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Is it still the people’s time?

“It means stronger and safer communities, where power is shared by people in every part of the country and where we respond to people’s concerns. It means a Bahamas where everyone plays by the same rules, including those at the very top of our society.”

Introduction to the FNM 2017 Manifesto by
Dr. Hubert A. Minnis, leader of the FNM

Last Sunday, May 10, was Mother’s Day. That date also marked the third anniversary of the Free National Movement’s (FNM) trouncing of the Progressive Liberal Party (PLP) at the polls three years earlier on May 10, 2017.

While no one expected the governing party to host a public event, given the existing social distancing guidelines, it is interesting that the third anniversary was hardly acknowledged by the FNM.

The party came to office behind the banner of the brilliant banter that, “It’s the people’s time!”

Admittedly the phrase was catchy, suggesting that the outgoing PLP administration was not concerned about “the people” but was only looking to feather their own and their ardent political colleagues’ nests. There were repeated claims of PLP corruption in office, although the official opposition FNM presented no details or proof.

The FNM handily won the election of May 10, 2017, winning 35 of the 39 seats in the House of Assembly.

Therefore, on the passing of the FNM’s third anniversary as the government, we would like to consider this — is it still the people’s time?

Passing the torch

The FNM’s victory on May 10, 2017, led by its leader, Dr. Hubert A. Minnis, truly represented the passing of the political torch. Dr. Minnis was the first Bahamian prime minister to assume office who had no direct connection to the five-decade Pindling political epoch.

Sir Lynden had personally and significantly contributed to the political careers and fortunes of his two prime ministerial successors. Both Hubert Ingraham and Perry Christie were part of the PLP and were appointed to the Cabinet by Sir Lynden at various stages of their political lives. The number of years that these three powerful personalities presided over the political panorama totals 50, from 1967 to 2017.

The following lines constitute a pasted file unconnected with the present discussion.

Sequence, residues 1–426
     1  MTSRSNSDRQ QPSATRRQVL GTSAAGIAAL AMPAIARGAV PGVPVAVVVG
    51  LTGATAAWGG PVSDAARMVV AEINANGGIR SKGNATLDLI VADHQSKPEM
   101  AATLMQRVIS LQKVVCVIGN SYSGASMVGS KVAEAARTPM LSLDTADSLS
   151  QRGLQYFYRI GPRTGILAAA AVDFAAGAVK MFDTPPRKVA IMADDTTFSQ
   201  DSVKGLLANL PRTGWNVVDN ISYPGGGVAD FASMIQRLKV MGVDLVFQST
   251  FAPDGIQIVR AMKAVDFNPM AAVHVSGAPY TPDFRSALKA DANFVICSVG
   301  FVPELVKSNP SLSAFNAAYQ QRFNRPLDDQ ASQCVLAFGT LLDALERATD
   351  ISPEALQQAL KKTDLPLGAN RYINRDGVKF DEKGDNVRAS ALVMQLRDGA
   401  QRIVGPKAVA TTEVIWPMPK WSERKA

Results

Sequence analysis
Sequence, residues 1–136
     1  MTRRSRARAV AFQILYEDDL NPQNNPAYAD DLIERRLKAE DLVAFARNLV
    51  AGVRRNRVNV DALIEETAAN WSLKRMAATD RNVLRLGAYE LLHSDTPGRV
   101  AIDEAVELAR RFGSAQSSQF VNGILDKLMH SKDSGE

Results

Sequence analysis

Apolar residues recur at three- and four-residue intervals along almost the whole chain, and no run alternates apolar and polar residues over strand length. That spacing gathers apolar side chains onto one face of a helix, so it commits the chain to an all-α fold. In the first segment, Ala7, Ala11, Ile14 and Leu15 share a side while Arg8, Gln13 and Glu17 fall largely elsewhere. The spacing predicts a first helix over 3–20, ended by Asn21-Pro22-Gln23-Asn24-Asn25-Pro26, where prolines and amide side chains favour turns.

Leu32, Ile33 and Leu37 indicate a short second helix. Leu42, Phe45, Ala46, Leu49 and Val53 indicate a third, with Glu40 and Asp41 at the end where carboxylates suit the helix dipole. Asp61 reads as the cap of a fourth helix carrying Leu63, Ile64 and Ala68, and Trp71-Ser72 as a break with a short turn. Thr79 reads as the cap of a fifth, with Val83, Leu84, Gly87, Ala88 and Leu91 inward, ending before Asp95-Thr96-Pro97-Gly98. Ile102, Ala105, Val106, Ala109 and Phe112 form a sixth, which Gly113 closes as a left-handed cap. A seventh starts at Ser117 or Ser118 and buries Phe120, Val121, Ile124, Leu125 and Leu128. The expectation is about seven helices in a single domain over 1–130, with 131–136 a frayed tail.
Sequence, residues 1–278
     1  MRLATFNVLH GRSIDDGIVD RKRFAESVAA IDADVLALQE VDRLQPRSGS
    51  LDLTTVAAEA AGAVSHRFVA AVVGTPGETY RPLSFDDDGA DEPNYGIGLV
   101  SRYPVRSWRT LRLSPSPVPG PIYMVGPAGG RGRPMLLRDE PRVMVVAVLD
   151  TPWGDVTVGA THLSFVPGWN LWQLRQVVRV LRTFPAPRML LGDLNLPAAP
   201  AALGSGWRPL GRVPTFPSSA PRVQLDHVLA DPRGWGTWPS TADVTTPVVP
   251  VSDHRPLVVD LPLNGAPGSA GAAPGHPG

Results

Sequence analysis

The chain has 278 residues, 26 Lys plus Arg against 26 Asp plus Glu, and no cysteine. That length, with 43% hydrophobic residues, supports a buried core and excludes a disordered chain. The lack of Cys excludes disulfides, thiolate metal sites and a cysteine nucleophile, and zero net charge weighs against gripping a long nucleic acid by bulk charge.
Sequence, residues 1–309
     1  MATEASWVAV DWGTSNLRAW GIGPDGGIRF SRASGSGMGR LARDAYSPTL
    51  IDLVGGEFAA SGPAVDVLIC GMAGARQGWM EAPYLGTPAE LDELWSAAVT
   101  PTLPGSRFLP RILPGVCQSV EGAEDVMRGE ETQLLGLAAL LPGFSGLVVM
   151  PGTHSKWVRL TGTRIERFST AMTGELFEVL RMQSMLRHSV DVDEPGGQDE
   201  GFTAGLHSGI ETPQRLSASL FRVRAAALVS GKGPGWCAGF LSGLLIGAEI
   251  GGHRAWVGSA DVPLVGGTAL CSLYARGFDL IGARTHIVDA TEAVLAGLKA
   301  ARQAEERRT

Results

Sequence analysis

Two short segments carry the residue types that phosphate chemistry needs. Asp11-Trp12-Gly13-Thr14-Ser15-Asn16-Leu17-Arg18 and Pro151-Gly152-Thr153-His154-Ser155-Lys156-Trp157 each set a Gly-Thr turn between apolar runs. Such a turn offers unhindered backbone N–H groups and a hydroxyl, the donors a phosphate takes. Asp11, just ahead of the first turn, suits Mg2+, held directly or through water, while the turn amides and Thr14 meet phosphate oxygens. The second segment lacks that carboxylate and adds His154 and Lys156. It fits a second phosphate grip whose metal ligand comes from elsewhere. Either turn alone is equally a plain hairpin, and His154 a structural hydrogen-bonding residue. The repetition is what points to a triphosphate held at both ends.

Minnis had no such connection. He was, therefore, uniquely positioned to chart a new direction for our political culture, to transition that culture away from one of deeply divided political partisanship, steeped in a level of tribalism that is unhelpful and unhealthy for the democratic process. Unfortunately, he missed a golden opportunity to propel our political culture to new heights and in a very different direction.

Rush to misjudgments

Before the ink was dry on the election ballots of May 10, 2017, one of the new administration’s actions was to launch specious speculations and unsubstantiated allegations against several former PLP parliamentarians, charging them with corruption in office.

A former MP was also arrested in relation to a theft probe at a government corporation, but was vindicated after police admitted there was no evidence of any wrongdoing.

Of the three former parliamentarians charged in court, two were acquitted, one with the condemnation by the court of questionable political interference in the judicial process.

The third case has not yet been heard.

In relation to the two that have already been heard, it is clear that the government misjudged not only the veracity of the charges that they brought against them, but also the people’s overwhelming disinterest in the government pursuing these matters at enormous time, cost and distraction from the purpose for which they were given such a massive mandate three years ago.

In summary, one of the new government’s first acts in office was to launch political prosecutions, which had nothing to do with the people who had just elected them.

Hurricanes and the people’s time

Over the past three years, two major hurricanes devastated Ragged Island, Abaco and Grand Bahama.

Ragged Island had a population of nearly 100 before Hurricane Irma.

Following the passage of the hurricane, the government promised to rapidly rebuild and restore that island, but, to date, little has been accomplished to enable displaced Ragged Island residents to return to their homes. The residents of Ragged Island have been left to wonder whether the slogan that “it’s the people’s time” applies to them.

Last year, Hurricane Dorian devastated Abaco and Grand Bahama. Many lives were lost, and there was extensive property destruction. Although there were reports of hundreds and possibly thousands of deaths from Dorian, the official death count has never exceeded 100.

The rebuilding and restoration process on Abaco has been painfully slow. Abaconians lament that, as we begin another hurricane season in less than two weeks, electrical power has still not been restored to some of that island’s residents. The removal of the hurricane debris is still a problem, and there are many on both of those islands who wonder whether the slogan “it’s the people’s time” applies to them.